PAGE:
BSEC gets three options to seal fate of closed-end MFs

It'll have to choose any one

FE Report | Published: September 09, 2018 09:50:22 | Updated: September 13, 2018 12:01:44

Picture used for illustrative purpose only — Collected

A high-level meeting has proposed three options for Bangladesh Securities and Exchange Commission (BSEC) to settle the fate of closed-end mutual funds (MFs) as their respective tenures will expire in the near future.

The securities regulator has been suggested to pick any one of the recommendations for settling the issue, said an official, who attended the meeting at the Ministry of Finance on Thursday last.

The options suggested at the meeting were liquidation of closed-end MFs as per rules, conversion of the funds into open-end ones and extension of tenure once for ten years.

Chaired by Finance Minister AMA Muhith, the meeting was attended by BSEC Chairman professor M. Khairul Hossain. Senior officials of the ministry, securities regulator, stock exchanges and Investment Corporation of Bangladesh (ICB) were also present the meeting.

"Nothing is final yet. One of three options discussed at the meeting will be chosen," said a meeting participant.

He said an instruction would be delivered to BSEC and the regulator would then take a decision.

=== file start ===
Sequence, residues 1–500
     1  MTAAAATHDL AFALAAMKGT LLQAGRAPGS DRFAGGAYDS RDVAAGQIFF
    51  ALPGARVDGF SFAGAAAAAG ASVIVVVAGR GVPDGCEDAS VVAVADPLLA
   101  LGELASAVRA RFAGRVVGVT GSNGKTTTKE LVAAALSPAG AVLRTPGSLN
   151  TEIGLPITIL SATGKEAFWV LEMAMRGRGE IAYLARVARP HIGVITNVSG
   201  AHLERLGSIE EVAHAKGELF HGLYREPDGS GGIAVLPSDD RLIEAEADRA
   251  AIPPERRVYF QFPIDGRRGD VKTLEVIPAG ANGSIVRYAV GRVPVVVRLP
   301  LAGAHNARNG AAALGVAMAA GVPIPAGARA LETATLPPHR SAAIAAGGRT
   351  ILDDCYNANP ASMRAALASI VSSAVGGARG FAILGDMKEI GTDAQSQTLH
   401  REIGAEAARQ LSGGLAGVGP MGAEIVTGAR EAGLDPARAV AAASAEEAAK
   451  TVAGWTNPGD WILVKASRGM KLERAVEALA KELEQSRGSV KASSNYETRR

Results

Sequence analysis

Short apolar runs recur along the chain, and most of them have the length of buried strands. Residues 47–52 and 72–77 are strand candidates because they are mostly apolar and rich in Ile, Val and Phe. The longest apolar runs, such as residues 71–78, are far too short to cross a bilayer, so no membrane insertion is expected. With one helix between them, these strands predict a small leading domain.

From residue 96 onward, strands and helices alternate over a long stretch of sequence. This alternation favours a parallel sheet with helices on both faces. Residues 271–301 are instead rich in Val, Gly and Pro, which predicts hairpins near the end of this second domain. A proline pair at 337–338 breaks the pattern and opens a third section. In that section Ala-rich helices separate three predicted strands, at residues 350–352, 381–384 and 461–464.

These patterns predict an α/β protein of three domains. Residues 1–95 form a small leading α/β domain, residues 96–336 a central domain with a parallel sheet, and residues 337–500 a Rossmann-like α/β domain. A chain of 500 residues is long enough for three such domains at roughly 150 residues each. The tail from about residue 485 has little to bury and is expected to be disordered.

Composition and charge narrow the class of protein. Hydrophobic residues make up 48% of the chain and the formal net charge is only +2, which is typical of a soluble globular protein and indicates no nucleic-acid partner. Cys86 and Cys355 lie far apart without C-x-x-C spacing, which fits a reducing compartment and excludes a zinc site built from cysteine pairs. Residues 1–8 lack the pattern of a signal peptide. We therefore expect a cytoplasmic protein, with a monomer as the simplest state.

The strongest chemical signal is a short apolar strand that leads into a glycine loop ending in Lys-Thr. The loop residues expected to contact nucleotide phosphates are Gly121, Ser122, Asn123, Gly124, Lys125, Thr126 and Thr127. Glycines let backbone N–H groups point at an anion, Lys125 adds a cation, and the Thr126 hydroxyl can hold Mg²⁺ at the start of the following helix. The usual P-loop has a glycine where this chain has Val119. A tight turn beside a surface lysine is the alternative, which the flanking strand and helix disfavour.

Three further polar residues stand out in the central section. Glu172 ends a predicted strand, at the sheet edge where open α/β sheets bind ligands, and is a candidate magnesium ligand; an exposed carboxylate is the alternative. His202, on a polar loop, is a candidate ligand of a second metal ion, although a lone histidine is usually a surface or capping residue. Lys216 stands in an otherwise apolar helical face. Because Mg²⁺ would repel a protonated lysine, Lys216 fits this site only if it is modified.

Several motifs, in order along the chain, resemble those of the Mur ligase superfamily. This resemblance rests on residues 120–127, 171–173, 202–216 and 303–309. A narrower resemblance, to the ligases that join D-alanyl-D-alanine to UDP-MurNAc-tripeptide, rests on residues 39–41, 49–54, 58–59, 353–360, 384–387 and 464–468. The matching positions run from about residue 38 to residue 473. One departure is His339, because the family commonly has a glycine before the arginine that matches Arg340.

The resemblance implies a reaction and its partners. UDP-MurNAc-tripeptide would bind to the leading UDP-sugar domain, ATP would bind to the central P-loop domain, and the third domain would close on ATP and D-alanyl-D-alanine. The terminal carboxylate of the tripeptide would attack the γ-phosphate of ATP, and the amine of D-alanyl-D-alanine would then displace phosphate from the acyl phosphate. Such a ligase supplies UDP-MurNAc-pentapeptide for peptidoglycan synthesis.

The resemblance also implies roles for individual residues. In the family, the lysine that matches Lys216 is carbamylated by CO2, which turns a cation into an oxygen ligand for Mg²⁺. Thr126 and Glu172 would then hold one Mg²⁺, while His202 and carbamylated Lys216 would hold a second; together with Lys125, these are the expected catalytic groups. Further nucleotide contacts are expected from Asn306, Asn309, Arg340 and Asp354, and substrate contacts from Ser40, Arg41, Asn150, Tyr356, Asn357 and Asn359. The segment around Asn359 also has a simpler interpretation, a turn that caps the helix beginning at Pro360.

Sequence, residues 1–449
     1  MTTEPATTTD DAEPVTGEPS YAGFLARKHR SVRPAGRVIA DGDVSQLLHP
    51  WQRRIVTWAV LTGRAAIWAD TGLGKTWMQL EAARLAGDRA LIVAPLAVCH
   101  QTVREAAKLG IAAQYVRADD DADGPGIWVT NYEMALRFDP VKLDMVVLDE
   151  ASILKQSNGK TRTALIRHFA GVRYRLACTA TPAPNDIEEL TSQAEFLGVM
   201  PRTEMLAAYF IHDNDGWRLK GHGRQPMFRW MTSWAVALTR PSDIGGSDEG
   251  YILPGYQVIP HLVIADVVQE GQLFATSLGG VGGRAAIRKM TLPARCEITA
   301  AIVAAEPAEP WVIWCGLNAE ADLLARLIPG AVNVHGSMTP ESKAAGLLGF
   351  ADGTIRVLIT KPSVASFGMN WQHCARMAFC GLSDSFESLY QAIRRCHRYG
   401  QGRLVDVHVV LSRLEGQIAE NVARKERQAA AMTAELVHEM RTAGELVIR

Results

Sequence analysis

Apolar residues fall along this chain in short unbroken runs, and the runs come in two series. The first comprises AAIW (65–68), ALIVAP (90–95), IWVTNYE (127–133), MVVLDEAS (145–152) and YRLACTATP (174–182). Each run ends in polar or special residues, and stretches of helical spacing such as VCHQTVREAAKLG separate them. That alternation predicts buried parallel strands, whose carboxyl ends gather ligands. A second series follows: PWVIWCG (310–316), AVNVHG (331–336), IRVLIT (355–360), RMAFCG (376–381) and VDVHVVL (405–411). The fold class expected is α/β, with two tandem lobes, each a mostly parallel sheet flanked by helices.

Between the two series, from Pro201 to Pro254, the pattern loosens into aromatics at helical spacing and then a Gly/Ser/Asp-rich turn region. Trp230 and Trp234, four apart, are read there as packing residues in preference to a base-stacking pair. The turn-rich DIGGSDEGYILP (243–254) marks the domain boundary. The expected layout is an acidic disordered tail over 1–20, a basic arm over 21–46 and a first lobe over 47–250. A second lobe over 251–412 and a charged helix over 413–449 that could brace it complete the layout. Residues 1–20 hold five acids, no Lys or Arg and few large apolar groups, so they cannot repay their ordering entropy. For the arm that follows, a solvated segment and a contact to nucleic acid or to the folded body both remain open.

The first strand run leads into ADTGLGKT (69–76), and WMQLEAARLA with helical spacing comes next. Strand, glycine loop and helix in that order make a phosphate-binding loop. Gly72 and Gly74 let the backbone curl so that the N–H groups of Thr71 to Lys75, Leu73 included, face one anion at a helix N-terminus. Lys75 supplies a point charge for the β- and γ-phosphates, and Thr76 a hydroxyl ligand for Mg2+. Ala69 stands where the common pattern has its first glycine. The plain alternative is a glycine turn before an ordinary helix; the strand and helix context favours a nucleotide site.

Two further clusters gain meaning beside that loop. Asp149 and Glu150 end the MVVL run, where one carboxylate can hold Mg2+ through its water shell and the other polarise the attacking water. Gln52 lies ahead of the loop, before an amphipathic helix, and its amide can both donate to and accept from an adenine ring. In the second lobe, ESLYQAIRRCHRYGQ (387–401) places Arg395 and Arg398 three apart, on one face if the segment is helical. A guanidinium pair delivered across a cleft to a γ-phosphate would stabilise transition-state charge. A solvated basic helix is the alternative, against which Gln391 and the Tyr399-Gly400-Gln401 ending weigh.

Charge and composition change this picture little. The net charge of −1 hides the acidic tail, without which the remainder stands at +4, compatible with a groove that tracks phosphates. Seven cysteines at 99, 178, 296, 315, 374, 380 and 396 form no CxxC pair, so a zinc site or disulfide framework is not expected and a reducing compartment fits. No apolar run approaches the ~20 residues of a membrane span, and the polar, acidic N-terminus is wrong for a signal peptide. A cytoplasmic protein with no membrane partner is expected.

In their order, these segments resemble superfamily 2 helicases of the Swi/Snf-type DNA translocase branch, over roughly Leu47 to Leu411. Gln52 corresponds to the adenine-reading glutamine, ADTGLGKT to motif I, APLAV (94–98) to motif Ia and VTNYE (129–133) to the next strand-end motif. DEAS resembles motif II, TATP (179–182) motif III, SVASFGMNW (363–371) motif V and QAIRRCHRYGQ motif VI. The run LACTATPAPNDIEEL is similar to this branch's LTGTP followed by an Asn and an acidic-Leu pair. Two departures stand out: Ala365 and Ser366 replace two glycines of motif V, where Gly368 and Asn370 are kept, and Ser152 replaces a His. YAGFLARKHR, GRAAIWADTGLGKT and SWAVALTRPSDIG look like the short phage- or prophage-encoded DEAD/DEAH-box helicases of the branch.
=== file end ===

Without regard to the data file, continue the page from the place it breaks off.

Mohammad Saifur Rahman, the BSEC spokesperson, did not make comment as he was not aware of the discussion held at the meeting.

The tenure of some closed-end MFs including Grameen One: Scheme Two, will expire this year.

Presently, there are 37 closed-end mutual funds listed with the stock exchanges.

Earlier on June 29 in 2015, the securities regulator had set deadlines for conversion or liquidation of the closed-end MFs, which earlier crossed 10 years, managed by the Investment Corporation of Bangladesh (ICB) and AIMS of Bangladesh in accordance with a decision taken by three-fourths of the unit-holders.

Later, a writ partition was filed with the High Court (HC) challenging the BSEC's directive.

Finally, the BSEC directive regarding conversion or liquidation of closed-end MFs remained valid as the Appellate Division of the Supreme Court upheld the directive.



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